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K. & G. LeDoux v. Kodiak (3/20/92), 827 P 2d 1121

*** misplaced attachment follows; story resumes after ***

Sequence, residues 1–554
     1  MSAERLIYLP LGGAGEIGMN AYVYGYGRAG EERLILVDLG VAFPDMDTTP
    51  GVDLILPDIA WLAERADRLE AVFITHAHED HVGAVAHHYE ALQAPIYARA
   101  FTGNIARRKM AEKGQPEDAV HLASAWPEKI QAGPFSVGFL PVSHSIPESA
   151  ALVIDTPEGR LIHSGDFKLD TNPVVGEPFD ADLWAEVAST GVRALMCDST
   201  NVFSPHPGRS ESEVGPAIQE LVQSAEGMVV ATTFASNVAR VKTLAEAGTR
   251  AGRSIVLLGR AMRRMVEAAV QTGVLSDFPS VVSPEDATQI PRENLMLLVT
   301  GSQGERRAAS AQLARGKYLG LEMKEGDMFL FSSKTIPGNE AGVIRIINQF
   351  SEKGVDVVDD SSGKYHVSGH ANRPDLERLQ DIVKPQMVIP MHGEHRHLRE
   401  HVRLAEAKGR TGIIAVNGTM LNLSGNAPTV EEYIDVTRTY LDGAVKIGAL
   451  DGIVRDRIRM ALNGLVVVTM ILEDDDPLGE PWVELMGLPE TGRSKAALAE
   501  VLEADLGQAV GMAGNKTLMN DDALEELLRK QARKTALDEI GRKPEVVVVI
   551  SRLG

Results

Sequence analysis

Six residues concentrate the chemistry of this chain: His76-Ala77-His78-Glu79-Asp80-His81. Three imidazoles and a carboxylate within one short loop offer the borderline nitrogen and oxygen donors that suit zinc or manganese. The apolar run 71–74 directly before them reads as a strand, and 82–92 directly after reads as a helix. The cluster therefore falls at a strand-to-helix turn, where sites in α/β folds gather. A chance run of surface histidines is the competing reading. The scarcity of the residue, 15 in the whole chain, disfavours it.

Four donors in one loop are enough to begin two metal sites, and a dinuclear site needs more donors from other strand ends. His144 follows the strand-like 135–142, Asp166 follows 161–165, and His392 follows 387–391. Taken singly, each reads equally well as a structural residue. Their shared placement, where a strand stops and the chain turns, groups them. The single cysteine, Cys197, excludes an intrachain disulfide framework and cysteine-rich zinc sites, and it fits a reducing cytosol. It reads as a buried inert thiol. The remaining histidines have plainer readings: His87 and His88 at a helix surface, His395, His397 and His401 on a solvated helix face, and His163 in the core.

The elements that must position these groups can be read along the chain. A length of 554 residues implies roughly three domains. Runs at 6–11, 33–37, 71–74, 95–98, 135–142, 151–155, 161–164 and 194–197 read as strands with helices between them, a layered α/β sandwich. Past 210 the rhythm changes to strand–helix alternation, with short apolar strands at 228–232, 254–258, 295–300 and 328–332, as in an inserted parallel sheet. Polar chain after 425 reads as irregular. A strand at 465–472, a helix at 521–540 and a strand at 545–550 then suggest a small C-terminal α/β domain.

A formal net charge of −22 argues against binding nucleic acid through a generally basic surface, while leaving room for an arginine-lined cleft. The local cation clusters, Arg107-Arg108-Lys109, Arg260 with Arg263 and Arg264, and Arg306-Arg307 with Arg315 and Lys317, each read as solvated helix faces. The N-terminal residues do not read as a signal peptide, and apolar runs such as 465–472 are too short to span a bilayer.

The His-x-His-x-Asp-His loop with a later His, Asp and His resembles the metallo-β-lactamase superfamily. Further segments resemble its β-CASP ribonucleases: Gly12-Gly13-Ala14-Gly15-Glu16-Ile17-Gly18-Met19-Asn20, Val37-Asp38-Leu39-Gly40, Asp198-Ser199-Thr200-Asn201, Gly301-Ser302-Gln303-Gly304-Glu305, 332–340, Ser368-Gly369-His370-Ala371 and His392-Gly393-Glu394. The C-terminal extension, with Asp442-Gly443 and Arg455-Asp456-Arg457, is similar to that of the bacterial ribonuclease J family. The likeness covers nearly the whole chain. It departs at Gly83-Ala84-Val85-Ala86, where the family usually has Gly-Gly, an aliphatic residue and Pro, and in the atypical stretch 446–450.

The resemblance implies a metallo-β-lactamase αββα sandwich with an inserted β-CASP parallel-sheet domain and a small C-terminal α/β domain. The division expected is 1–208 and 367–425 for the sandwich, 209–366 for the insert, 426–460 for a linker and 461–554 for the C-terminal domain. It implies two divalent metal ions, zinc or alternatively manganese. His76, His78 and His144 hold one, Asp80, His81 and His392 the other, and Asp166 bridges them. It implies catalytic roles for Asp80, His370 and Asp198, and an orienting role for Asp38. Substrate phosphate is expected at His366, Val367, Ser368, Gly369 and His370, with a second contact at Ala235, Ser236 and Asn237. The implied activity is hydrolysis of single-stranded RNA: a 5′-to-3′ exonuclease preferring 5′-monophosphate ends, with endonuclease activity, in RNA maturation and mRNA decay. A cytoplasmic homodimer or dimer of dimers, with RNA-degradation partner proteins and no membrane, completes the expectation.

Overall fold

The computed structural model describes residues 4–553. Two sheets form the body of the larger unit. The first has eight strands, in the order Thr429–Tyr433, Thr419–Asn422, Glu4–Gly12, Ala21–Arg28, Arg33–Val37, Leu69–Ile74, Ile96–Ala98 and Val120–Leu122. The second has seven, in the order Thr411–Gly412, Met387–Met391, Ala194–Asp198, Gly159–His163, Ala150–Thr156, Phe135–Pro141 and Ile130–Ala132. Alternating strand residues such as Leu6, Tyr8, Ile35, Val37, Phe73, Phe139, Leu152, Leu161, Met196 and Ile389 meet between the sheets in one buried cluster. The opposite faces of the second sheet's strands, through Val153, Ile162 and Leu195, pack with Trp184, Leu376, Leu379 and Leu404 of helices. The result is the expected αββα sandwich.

Notice: This is subject to formal correction before publication in the Pacific Reporter. Readers are requested to bring typographical or other formal errors to the attention of the Clerk of the Appellate Courts, 303 K Street, Anchorage, Alaska 99501, in order that corrections may be made prior to permanent publication. THE SUPREME COURT OF THE STATE OF ALASKA KURT M. LeDOUX and ) GABRIELLE LeDOUX, ) Supreme Court No. S-3997 ) Appellants, ) Trial Court No. ) 3KO-89-210 Civil v. ) ) O P I N I O N KODIAK ISLAND BOROUGH, ) ) Appellee. ) [No. 3822 - March 20, 1992] ______________________________) Appeal from the Superior Court of the State of Alaska, Third Judicial District, Kodiak, Roy H. Madsen, Judge. Appearances: Kurt M. LeDoux, LeDoux and LeDoux, Kodiak, for Appellants. Joel H. Bolger, Jamin, Ebell, Bolger & Gentry, Kodiak, for Appellee. Before: Rabinowitz, Chief Justice, Burke, Matthews, Compton, and Moore, Justices. PER CURIAM I. INTRODUCTION Appellee, Kodiak Island Borough (Borough), sued the LeDouxs to enjoin them from using their property as a professional office building in violation of the Borough's minimum parking regulations. The trial court granted the Borough's summary judgment motion. The LeDouxs appeal. We affirm. II. FACTS Joel and Carol Davis owned property in Kodiak. The property was zoned for multi-family residential use. The LeDouxs wanted to buy the property and use it as a combination law office and apartment. In October 1987, the Davises applied for a zoning variance to use the property as a professional office and upstairs apartment. The Borough accepted the variance application subject to submittal of a parking plan.1 The LeDouxs provided the Borough with a parking plan that included eight off- street parking spaces on the property. In November 1987, the Borough approved the variance. In December 1987, the LeDouxs bought the property from the Davises. The LeDouxs have never provided the off-street parking. In May 1989, the Borough sued the LeDouxs to enjoin them from using the property as a professional office building. In July 1989, the Borough moved for summary judgment. In November 1989, the LeDouxs applied to the Borough for an altern ative parking location variance. In December 1989, the Borough denied the LeDouxs' alternative parking location variance application. The LeDouxs moved to stay the Borough's injunction action pending administrative and judicial review of the LeDouxs' application for alternative parking. On January 12, 1990, the trial court implicitly denied the LeDouxs' motion to stay by granting the Borough's summary judgment motion. However, the trial court's order allows the LeDouxs to continue using the property as a professional office building pending a final decision on the LeDouxs' application for an alternative parking variance. The trial court also awarded $3,350 in Civil Rule 82 attorney's fees to the Borough. The Borough expended $4,547.50 in attorney's fees. The LeDouxs appeal both the trial court's grant of summary judgment and award of attorney's fees. III. DISCUSSION A. Did the trial court err in granting the remedy of an injunction? The LeDouxs argue a court can only grant an injunction if two requirements are satisfied: 1) there is no adequate remedy at law; and 2) harm will result if the injunction is not granted. The LeDouxs argue that the trial court improperly granted the injunction because in the present case neither requirement is satisfied. As for the first requirement, the LeDouxs argue their administrative attempt to seek alternative parking approval is an adequate remedy at law. As for the second requirement, the LeDouxs argue there is no harm to the public because the LeDouxs park their cars in a parking lot across the street from their office. The Borough cites AS 29.40.190(a) which provides that "[a]n action to enjoin a [zoning] violation may be brought not withstanding the availability of any other remedy." The Borough argues since the statute authorizes an injunction, the Borough is not required to show harm or the lack of an adequate legal remedy. As noted above, AS 29.40.190(a) authorizes injunctive relief. "Where a statute specifically authorizes injunctive relief, the plaintiff need not show either irreparable injury or lack of an adequate remedy at law." Carroll v. El Dorado Estates Div. No. 2 Ass'n, Inc., 680 P.2d 1158, 1160 (Alaska 1984). Therefore, the Borough did not need to show harm or the lack of an adequate legal remedy. The trial court was correct in granting the remedy of an injunction. B. Did the Borough represent to the LeDouxs that it is practicable to build a parking lot on the LeDouxs' property? The LeDouxs appear to make an estoppel argument. They argue that they bought the property in reliance on the Borough's finding that it is practicable to build a parking lot on the property. They claim that it is in fact impracticable to build the parking lot. They insist that they should not suffer for the Borough's errors. The Borough responds that there is no evidence in the record that the Borough represented it is practicable to build a parking lot. The LeDouxs reply that the Borough implicitly represented to the LeDouxs that building the parking lot is practicable by approving the LeDouxs' variance application. Specifically, the LeDouxs argue that the Borough's statutory duty to investigate their variance application includes a duty to determine whether building the parking lot is practicable.2 The LeDouxs argue that by approving the variance, the Borough implicitly represented to the LeDouxs that it is practicable to build a parking lot. The LeDouxs do not cite to any cases to support this theory. Estoppel consists of three general elements: 1) a rep resentation; 2) reasonable reliance on that representation; and 3) resulting prejudice. Municipality of Anchorage v. Higgins, 754 P.2d 745, 748 n.11 (Alaska 1988). In the present case, the Borough cannot be estopped from enforcing its zoning regulations because it never represented that it is practicable to build a parking lot on the LeDouxs' property. The LeDouxs' property was originally zoned for noncommercial use. The Borough's variance only allowed the LeDouxs to use their property for commercial purposes.3 The variance did not exempt the LeDouxs from the off-street parking regulation. In fact, the Borough made it clear to the LeDouxs that they would have to adhere to the parking regulations by requiring the LeDouxs to submit a parking plan. In our view, the Borough's requirement and acceptance of a parking lot plan is not a representation that the parking lot can be built. The LeDouxs' position would place a heavy and unwarranted burden on municipalities. It would require municipalities to examine the feasibility of every variance proposal or lose the ability to enforce its zoning laws. C. Was the award of attorney's fees justified? The LeDouxs argue "[t]he award of $3,350.00 in attorney's fees on a requested award of $4,547.50 was unjustified and excessive." The LeDouxs argue the award is unjustified because the Borough is not the prevailing party. The LeDouxs explain "[the Borough] was denied an outright injunction, and the LeDouxs were at least allowed an opportunity to seek alternative parking." The LeDouxs argue the award is excessive because they did not act in bad faith. The Borough argues the trial court did not abuse its discretion in determining that it was the prevailing party because, inter alia, the Borough "won a judgment which requires [the LeDouxs] to provide off-street parking." The Borough argues that the trial court did not abuse its discretion in awarding the amount of attorney's fees because its award of approximately seventy-four percent of the Borough's actual attorney's fees is well within the range of the trial court's discretion. Alaska Civil Rule 82 authorizes the trial court to award attorney's fees to the prevailing party. The prevailing party for the purpose of an award of attorney's fees is the party who prevails on the main issues of the case. Demoski v. New, 737 P.2d 780, 787 n.7 (Alaska 1987). The determination of the prevailing party rests in the discretion of the trial court. Buoy v. ERA Helicopters, Inc., 771 P.2d 439, 448 (Alaska 1989). In the present case, the trial court did not abuse this discretion. The Borough sued to enjoin the LeDouxs from violating zoning regulations. The trial court granted this injunction. Thus, the trial court had a reasonable basis for ruling that the Borough is the prevailing party. Rule 82 further provides, "[i]n actions where the money judgment is not an accurate criterion for determining the fee to be allowed to the prevailing side, the court shall award a fee commensurate with the amount and value of legal services rendered." This award rests in the discretion of the trial court. Thorstenson v. ARCO Alaska, Inc., 780 P.2d 371, 376 (Alaska 1989). In the present case, the trial court awarded approxi mately seventy-four percent of the Borough's legal expenses. In other cases, we have affirmed trial court awards of sixty to eighty percent of the full attorney's fees incurred. E.g., Bovee v. LaSage, 664 P.2d 160, 165 (Alaska 1983) (trial court awarded $5,000 which approximated seventy percent of the total fees); Brunet v. Dresser Olympic Div. of Dresser, Ind., 660 P.2d 846, 848 (Alaska 1983) (trial court awarded $6,000 which approximated sixty-one percent of the total fees); Hausam v. Wodrich, 574 P. 2d 805, 811 (Alaska 1978) (trial court awarded $9,680 which approximated eighty-six percent of the total fees). The present award, approximating seventy-four percent of the total fees, is consistent with these cases and thus is not an abuse of discretion. IV. CONCLUSION The judgment is AFFIRMED. _______________________________ 1 KIBC 17.57.020 requires professional office buildings to provide one parking space for each 300 square feet of gross floor area and requires single-family dwellings to provide two parking spaces for each unit. 2 KIBC 17.66.030 requires the Borough to investigate variance requests. The LeDouxs' variance request included a parking plan. 3 The purpose of a variance is to relax zoning requirements in special circumstances. KIBC 17.66.010. Variances grant relief "from the literal import and strict application of zoning regulations." 101A C.J.S. Zoning and Land Planning 229 at 654 (1979).